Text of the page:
Is it a cold or a flu?
The common cold is the number one reason for lost work and school time throughout the industrialized world.
According to Lea Regional Medical Center officials, the average adult will get two or three colds each year, while children can go through 5-10 cycles. The typical cold starts with sore throat and runny nose, followed by sneezing and coughing. Most people will recover fully within a week or ten days.
“There are more than 200 different viruses that can cause a cold, the most common being the rhinovirus,” said Dr. Mario Henriquez of the Lea Regional Medical Group. “While a cold can vary in intensity from mildly annoying to quite severe, it’s important to note that they are still viruses. Antibiotics will have no effect – you can treat the symptoms but just have to wait it out.”
Perhaps the question asked most frequently in primary and urgent care offices across the country is, “Do I have a cold, a sinus infection, or the flu?” While your physician and local urgent care center no doubt can rule out things like the flu and strep throat in minutes with a simple swab test, determining between a cold and sinus infection is trickier – and in many cases, irrelevant.
Only a small number of cases involving cold- and flu-like symptoms are bacterial in nature. Therefore, the vast majority of cases will not respond to antibiotics. This leaves most patients with no course of action but to try and get through the virus with minimal pain and suffering. We’ll focus on those efforts here.
• Manage a fever. A fever is rare with a cold, in both adults and children. One of the best ways to distinguish a cold from a suspected case of flu is by a fever. If you or your child experiences a fever of 101 or higher for more than a day, it’s best to get a flu test just to be safe. Otherwise, acetaminophen is the preferred method for reducing fever – just be VERY mindful of dosing instructions, and don’t take more than one medicine at a time containing acetaminophen. Ibuprofen can also be used, but avoid aspirin and NEVER give it to a child under age 12.
• Stop a runny nose/post-nasal drip. Your sore throat (if not a strep infection) is most likely being caused by nasal discharge dripping down your throat. The best way to dry it up is with antihistamines. Note: they can make some people very sleepy, so plan accordingly.
• Un-clog your nose. A stuffed nose is a terrible feeling, and can prevent you from sleeping for several nights in a row during a cold. Talk to your doctor or the pharmacist about the best over-the-counter decongestant choice for you, and be cautious not to overuse.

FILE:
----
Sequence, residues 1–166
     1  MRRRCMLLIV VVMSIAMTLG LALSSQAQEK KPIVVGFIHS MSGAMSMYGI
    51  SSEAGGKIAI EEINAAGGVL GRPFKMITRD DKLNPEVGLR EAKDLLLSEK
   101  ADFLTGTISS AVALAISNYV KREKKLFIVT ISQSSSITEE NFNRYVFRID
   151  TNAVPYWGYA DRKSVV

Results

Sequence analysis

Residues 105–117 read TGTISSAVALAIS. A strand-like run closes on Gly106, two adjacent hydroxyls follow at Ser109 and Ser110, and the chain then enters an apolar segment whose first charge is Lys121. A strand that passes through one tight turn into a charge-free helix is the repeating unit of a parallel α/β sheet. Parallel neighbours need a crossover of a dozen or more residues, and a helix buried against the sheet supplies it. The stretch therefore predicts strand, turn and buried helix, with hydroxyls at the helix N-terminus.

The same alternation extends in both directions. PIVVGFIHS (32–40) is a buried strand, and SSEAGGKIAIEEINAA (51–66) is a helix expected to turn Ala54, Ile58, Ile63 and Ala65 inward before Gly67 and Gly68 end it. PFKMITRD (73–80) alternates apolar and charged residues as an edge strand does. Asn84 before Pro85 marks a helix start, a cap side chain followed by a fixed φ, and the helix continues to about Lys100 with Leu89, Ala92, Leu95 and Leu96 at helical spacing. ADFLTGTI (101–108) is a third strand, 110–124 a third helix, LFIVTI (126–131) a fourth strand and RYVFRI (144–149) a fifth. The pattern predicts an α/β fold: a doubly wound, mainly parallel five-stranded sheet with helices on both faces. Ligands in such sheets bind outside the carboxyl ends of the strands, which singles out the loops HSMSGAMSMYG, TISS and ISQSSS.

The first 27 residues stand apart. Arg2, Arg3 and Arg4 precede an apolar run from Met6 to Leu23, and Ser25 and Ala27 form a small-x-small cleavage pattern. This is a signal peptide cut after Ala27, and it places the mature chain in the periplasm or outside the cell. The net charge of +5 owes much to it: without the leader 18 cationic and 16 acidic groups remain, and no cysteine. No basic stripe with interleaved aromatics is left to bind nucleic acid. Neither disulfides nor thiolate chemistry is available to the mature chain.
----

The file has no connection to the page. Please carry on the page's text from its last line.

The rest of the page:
• Relieve sinus pressure and pain. Nasal steroids, both over the counter and prescription, can relieve cold symptoms and seasonal allergies.
• Loosen cough or mucus. If you can’t kick the cough and move the mucus out, try an expectorant to help thin the thick drainage and move it out through nose and mouth.
• Reduce coughing. For many people, the cough is the worst part of a cold. Try an antitussive or another product with dextromethorphan to help suppress the cough and get some sleep.
• Relieve a sore throat. Gargle with warm salty water a couple of times per day, and try throat lozenges or an analgesic at bedtime. Monitor your throat for white or yellow spots or severe/increasing pain that may indicate a strep infection.
• Get some ZZZZZ’s. Your immune system needs sleep to fight back. Nighttime over-the-counter products should be used judiciously, but can provide much relief. Be sure to read labels and find products safe for you, especially if you have high blood pressure or other medical conditions, or are taking other products with similar ingredients.
One of the most confusing parts of diagnosing a cold is the multitude of symptoms. For instance, you may be diagnosed with an inner ear infection, a lower respiratory tract infection, or sinusitis. However, the majority of all of these cases, too, are viral in nature – not bacterial. Thus antibiotics will still be ineffective in treating or shortening the illness.
It’s important, however, to see your physician if your symptoms move beyond the basic ones listed above. A lower respiratory infection can take harbor in the lungs and turn into pneumonia, and sinusitis left untreated can result in a bacterial infection. Your doctor is the best resource to distinguish between a viral and bacterial condition, and to recommend the appropriate course of treatment, if any.
“While frustrating, there isn’t much we can do to avoid getting colds altogether,” said Dr. Henriquez. “Keep your immune system strong with proper diet and exercise, practice good hygiene to avoid catching the viruses others are carrying, and get your flu shot to reduce your odds of a more severe illness and complications.”
For the times when the common cold turns into something more complex, it’s important to have a primary care physician who knows you and your history, and can quickly evaluate and treat you appropriately. If you need to be connected with a personal or family physician, Henriquez specializes in Family Medicine at Lea Regional Medical Group: Primary and Urgent Care (formerly Zia Family Healthcare).
To make an appointment, call 575-492-5764 or visit www.myhobbsdoc.com. Lea Regional Medical Group: Primary & Urgent Care is located at 5320 N. Lovington Hwy., and is open Monday through Friday 7 a.m.-7 p.m., and Saturday 8 a.m.-1 p.m. Same day appointments are available, and walk-ins are always welcome.